July 11, 2018 Skyscraper (Movie Review)
We all know summer is the time for big blockbuster films overstuffed with non-stop explosions and burly action heroes. Skyscraper, a film by Director Rawson Marshall Thurber (We’re The Millers 2013, Central Intelligence 2016) starring Dwayne “The Rock” Johnson (Moana 2016, Jumanji: Welcome to the Jungle 2017), is just that. If you are willing to suspend all disbelief for ninety minutes, you will be in for an edge-of-your-seat Action Thriller that is more entertaining than it has any right to be. Set for release in the US through Legendary Pictures and Universal Pictures on Friday, July 13th, Skyscraper has the potential to be one of the best Action flicks of the summer thanks to its creative and unique action sequences bolstered by a charming cast.
Do not expect a genius plot from Skyscraper, however. Will Sawyer (Johnson), a former FBI agent disabled in the line of duty, his wife Sarah who is a former combat surgeon (Neve Campbell: Scream 1996, House of Cards series), and their charming twin kids, find themselves invited to Hong Kong so that Will can test the security of the world’s largest super-tall structure known as The Pearl.
Of course, some bad guys want what is locked away at the very top of the building inside the mega-secure penthouse occupied by billionaire mastermind Zhao Long Ji (Chin Han: Contagion 2011, The Dark Knight 2008). The bad guys – there are a lot of bad guys – set The Pearl aflame with Sawyer’s family still trapped inside. Sawyer then performs a set of increasingly unbelievable feats involving increasing amounts of duct tape in order to save his family. Physics and logic are defied over and over, but no one wants a plausible Action movie anyway.
The story driving this movie is so rudimentary that the whole thing can fit neatly into the trailer, but really, who cares? There are enough action-packed moments to keep things moving at a solid pace that an intricate plot would seem like overkill. Likable characters and increasingly ludicrous stunts are the film’s foundation, and those are more than enough to keep it consistently entertaining.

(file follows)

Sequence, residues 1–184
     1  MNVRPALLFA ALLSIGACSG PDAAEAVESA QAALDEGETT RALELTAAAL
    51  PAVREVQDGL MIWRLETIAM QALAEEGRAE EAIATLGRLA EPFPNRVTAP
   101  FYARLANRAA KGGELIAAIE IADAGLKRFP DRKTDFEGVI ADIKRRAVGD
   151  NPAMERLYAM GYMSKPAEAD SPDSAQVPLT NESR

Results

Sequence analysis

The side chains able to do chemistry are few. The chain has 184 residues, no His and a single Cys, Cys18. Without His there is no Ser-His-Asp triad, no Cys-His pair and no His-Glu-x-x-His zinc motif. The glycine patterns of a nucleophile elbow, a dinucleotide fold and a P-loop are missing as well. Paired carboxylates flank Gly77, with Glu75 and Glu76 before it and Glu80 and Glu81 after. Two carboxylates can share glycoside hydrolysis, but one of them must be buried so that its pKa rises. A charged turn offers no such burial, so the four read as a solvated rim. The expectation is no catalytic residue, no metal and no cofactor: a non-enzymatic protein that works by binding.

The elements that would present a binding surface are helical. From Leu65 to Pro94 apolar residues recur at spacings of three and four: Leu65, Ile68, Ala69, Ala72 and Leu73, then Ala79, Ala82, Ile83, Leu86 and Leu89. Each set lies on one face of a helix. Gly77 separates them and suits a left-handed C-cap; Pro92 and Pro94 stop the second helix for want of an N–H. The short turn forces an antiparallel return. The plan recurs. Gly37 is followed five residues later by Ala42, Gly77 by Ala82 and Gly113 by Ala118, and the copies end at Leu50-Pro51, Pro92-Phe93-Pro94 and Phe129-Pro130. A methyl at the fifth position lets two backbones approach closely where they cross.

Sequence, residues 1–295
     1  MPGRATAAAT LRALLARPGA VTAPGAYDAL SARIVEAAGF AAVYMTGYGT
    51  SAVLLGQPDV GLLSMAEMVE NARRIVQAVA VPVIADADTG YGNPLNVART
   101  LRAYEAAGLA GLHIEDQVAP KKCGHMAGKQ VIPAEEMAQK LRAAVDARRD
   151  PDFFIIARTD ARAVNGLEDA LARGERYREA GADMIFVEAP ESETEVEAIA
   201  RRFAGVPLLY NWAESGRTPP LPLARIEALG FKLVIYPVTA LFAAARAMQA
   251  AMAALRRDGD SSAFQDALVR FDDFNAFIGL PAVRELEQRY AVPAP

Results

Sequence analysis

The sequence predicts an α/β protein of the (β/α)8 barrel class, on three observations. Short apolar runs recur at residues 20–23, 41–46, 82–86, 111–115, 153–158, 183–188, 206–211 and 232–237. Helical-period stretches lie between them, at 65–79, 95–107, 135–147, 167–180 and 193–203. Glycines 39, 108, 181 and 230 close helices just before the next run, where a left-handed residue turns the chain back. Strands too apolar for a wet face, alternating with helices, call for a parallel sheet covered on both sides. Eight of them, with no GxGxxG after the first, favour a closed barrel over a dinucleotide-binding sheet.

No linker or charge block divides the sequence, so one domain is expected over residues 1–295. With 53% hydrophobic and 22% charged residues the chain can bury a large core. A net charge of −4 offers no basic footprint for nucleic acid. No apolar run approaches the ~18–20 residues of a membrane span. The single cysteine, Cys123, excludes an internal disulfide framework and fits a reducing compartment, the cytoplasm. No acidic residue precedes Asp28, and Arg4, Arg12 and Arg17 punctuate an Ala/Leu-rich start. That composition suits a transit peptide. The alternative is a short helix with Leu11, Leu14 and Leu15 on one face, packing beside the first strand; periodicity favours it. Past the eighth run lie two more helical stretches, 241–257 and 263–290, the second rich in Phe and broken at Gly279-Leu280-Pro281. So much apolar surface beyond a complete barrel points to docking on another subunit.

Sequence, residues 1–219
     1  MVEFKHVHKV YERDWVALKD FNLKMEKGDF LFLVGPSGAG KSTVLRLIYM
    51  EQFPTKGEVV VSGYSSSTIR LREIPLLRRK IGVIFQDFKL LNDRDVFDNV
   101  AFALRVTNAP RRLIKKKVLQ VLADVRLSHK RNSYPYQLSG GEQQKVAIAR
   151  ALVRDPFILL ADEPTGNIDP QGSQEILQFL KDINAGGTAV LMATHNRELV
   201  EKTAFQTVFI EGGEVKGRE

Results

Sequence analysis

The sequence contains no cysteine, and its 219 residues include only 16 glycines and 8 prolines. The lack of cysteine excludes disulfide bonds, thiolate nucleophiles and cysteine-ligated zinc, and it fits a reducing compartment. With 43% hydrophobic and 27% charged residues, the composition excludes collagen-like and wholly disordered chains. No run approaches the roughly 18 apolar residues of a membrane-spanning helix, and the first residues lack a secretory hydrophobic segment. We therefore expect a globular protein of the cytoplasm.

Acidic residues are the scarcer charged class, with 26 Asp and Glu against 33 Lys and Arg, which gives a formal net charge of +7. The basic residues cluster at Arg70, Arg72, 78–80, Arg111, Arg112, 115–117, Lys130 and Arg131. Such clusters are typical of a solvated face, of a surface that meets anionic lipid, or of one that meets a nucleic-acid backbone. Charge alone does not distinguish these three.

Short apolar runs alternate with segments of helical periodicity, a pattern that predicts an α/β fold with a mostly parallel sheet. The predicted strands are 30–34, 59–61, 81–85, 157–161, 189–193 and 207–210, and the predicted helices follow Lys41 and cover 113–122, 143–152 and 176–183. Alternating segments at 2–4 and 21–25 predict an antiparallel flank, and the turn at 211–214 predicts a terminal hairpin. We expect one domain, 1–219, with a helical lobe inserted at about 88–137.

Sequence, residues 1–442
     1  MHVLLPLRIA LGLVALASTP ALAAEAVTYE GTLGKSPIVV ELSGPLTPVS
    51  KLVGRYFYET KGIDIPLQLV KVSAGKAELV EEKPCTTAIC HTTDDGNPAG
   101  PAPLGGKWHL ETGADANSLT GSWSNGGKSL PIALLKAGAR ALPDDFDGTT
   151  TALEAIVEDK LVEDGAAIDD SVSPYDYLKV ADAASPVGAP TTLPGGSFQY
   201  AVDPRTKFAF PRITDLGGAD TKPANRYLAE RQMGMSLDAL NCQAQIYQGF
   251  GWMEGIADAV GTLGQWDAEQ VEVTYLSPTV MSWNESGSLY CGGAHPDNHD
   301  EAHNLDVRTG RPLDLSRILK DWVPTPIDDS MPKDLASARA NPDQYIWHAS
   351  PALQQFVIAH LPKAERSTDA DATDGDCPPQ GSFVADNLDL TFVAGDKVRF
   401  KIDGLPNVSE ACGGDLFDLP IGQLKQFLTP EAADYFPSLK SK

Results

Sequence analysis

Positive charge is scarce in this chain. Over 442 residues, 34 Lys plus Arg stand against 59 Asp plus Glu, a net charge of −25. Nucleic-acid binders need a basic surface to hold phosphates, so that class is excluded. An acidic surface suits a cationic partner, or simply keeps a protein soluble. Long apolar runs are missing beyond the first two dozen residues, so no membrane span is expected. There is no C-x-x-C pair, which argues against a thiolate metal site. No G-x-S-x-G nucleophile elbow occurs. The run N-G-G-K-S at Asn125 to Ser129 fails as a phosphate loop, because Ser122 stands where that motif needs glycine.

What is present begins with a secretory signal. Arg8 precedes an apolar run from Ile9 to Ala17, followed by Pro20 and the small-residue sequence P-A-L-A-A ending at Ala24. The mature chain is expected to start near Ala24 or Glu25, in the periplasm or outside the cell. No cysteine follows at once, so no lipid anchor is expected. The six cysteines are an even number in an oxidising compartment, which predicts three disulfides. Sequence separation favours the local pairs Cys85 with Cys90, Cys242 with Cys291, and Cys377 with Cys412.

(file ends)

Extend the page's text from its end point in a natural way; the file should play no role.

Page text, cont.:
Sawyer goes through extreme lengths to thwart both fire and crime bosses in order to keep his family safe, including scale the outside of a building using only duct tape and sheer will, jump through a few turbines, ignore human stamina by climbing a massive crane, and soaring through the air on multiple occasions. Oh, and he also holds up a suspension bridge using only the force of his pecs. Still, it was exciting to see a disabled man with a prosthetic leg as the action hero. The film even goes so far as to suggest that without the prosthetic leg, things may have gone a lot worse. Plus, the comedic beats delivered by Johnson address just how unbelievable some of these feats are, giving the audience a much needed laugh or two after non-stop moments of extreme tension.
Blessedly, Skyscraper does not play into the damsel-in-distress trope. Sarah is whip-smart and shows off plenty of bad-ass skills of her own, and the kids are more than just a plot point. In fact, the majority of the women in Skyscraper play important roles and participate in some pretty cool choreographed fight scenes – the best of which are led by Hannah Quinlivan’s (The Shanghai Job 2017) ultra-cool villain.
With Skyscraper, Thurber has written a love letter to Action movies of the past while still managing to create a film that is unique and able to stand firmly on its own merits. Bordering on Science-Fiction with some of its creative shoot-outs, Skyscraper proves that it is an Action flick for a contemporary audience.
Is it predictable? Yes, but if you are into big, dumb Action movies with insane stunts and a simple plot, then Skyscraper is one that you cannot miss. Make sure you see it on the big screen, too. The ridiculous scale of Johnson leaping from a super crane into a burning building is worth the ticket price alone. For these reasons, CrypticRock gives Skyscraper 4 out of 5 stars.